Stacey Cole's Nature Talks: Chipmunk shows no fear feasting on hornet dinner
Richard Bradley was a highly respected representative from Thornton Gore who, whenever he rose to speak on the floor of the House, was always respectfully listened to. He expressed his opinions clearly, and frequently punctuated them with good humor.
On several occasions, Dick wrote letters to me pointing out that he came from “Up on the Farm” in comparison to my use of the phrase, “Down on the Farm” in the full title of this column. Dick Bradley authored two very interesting books. The first was titled: “Family Farm,” copyrighted in 1989, the second was “Halfway To History,” published in 1991. Richard Bradley passed away on July 1, 1993.
The Bradley family were well known for their singing ability and entertained at many granges as well as other organizations throughout the state.
The July 6, 2012, letter from the Hon. Lester Bradley read in part: “There seems to be a plethora, or as one might say, a bumper crop of chipmunks this year. I had an unusual experience the other day involving one. I have an open shed where I store my tractor, tools and all other manner of cultch. I opened a bin containing rags and took a couple out when I felt a pain in my arm. I was being stung by a white-striped hornet. I beat a hasty (for me) retreat and watched from a safe distance as the hornets swirled around. I then noticed their baseball sized nest, broken and lying on the dirt floor. Presently, a chipmunk appeared and stuck its head into the broken nest. He was eating one by one, what I presume were hornet larvae. I watched him do this for several minutes. The hornets never bothered him as they were more concerned with the bin where their nest had been. I had never seen such behavior before, but brother Ralph, who runs our campground, said the chipmunks come out in the morning and eat the moths that are drawn to the light overnight, leaving their wings behind.”
Other readers have mentioned that there is no shortage of chipmunks this year. I have a few to spare if anyone would like to live trap them for their cute behavior or other good reason.
The normal diet of the eastern chipmunk includes both animal and plant foods, but mostly the latter. They are known to eat mice, small birds and eggs, insects, snails and occasionally small reptiles. In the plant food area, they are most fond of all kinds of weed seeds and tree nuts.
These small mammals are perhaps best known for their gathering and storing of such matter as they select, including sunflower and other seeds offered to birds.
- - - - - - -
A letter from a couple who live in Bristol read in part: “We have been reading your articles for many years, maybe 40 or more. My mother always enjoyed them, too. Years ago, perhaps in 1985, you wrote about the sounds of the wind in the pine trees. My mother said at the time that she thought you had been writing about the pine trees on Park Street in Northfield. Do you think that might have been possible? (We do have your article of Dec. 31, 2011, where you wrote so nicely about going to school in Tilton.)”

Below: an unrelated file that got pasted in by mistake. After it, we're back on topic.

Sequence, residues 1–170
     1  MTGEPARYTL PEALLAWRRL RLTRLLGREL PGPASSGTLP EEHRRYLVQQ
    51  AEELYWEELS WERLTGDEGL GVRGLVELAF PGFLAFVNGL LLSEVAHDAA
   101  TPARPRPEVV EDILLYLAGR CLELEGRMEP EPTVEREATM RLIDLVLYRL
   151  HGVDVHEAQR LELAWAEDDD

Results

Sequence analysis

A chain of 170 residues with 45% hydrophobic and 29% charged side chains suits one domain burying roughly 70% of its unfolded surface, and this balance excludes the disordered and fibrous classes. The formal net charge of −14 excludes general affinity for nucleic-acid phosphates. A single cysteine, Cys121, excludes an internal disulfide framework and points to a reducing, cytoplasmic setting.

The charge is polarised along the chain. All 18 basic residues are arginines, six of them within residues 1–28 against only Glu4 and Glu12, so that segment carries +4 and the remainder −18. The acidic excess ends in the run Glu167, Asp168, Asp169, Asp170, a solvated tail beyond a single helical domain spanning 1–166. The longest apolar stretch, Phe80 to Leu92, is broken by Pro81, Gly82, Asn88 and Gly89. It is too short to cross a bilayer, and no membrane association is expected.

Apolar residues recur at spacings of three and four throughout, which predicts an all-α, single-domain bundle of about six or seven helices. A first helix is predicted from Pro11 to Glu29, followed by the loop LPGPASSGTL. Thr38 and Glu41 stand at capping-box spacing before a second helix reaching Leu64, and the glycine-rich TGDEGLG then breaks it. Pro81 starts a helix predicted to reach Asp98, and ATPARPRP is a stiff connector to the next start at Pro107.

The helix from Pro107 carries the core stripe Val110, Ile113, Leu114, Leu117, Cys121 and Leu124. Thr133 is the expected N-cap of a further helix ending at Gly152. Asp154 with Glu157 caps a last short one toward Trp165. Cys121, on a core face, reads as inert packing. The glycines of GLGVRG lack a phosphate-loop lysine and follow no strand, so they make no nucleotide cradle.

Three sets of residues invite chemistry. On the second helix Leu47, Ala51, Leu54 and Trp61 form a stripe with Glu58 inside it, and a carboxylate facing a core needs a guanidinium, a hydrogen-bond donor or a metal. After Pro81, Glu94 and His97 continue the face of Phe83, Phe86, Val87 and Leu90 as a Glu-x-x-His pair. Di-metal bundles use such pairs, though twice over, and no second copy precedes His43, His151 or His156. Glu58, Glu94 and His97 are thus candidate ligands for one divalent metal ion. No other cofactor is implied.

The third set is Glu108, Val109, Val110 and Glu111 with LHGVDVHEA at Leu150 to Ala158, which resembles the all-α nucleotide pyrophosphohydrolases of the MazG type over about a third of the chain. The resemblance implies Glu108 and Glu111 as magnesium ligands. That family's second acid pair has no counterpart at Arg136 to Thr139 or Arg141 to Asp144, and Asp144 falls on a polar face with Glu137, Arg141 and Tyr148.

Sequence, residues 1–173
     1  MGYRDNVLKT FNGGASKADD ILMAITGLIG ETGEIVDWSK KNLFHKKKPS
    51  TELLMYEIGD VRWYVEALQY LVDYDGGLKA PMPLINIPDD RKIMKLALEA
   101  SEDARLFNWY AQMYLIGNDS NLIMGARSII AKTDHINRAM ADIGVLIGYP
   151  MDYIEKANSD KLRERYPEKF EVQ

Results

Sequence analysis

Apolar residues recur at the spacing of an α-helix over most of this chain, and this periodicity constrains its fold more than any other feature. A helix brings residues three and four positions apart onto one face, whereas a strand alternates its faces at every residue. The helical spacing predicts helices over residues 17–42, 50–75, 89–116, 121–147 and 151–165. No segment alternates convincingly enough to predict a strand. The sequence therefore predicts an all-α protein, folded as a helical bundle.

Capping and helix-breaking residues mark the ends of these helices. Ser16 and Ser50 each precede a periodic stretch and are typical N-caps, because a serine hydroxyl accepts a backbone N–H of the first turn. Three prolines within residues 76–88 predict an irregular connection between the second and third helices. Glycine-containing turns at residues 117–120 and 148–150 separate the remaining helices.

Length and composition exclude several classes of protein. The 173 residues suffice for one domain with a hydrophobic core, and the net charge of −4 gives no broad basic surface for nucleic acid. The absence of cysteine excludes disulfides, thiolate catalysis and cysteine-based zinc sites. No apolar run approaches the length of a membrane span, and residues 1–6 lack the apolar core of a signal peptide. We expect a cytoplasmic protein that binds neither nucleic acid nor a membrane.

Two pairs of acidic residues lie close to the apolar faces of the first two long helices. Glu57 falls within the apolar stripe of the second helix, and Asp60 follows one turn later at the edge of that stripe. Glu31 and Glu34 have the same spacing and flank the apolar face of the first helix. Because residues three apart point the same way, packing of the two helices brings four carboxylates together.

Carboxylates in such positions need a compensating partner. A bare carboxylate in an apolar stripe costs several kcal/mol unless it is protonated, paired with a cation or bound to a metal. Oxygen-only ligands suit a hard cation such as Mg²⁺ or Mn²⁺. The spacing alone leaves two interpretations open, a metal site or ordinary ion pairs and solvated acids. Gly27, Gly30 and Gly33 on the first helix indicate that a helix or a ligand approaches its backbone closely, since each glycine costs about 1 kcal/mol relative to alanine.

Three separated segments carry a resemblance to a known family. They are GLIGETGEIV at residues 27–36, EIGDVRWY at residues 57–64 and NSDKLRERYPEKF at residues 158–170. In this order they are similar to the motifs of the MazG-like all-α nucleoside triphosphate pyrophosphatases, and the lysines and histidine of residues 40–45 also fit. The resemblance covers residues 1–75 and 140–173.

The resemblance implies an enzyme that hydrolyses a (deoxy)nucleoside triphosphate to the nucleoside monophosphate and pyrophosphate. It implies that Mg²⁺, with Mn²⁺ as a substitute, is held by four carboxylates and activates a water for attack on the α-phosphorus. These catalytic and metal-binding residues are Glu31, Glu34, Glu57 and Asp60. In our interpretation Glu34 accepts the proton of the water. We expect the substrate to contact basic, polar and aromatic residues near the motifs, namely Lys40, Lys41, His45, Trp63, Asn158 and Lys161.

When I wrote of sounds created by wind blowing through pine trees, I was reporting on the “speech” of the wind passing through our pine branches here at the farm. I must mention that my late wife, Mildred, though, never found wind in the pines as pleasant a sound as did I.
Our long-time reader's mention of Northfield, a town I have always thought of as Tilton's twin, brought back long ago memories. In particular, the enchanting arch located atop a small hill in Northfield. Beneath the arch stood a full- sized, carved African lion. I was an 8-year-old Tilton Lower School student when I was first introduced to it. The lion deeply impressed me, not as an animal to be scared of, but a friend I could “talk” to. During my four years as a Tilton Lower School student, I frequently stopped to admire that lion. As the school's athletic fields were in Northfield, we “Lower School” students participated in various sports programs each day during fall and spring. As we had to walk back and forth, it made it possible for me to visit and converse with my lion friend many times.
Our reader's letter also contained the following: “We feed many birds with 6 feeders. Every season has a different combination. Lots of Gold and House Finches this summer.
“The occasional articles you write about the holidays of the past or 'The Old Barn' or 'The Paths in the Woods' are most special. We often mail them to old friends in Florida who hail from New Hampshire.”
- - - - - - -
Stacey Cole's address is 529 W. Swanzey Road, Swanzey 03446.
|NH Angle >> Outdoors|
NH moose lottery to be held Friday
Congo war's legacy follows survivor to NH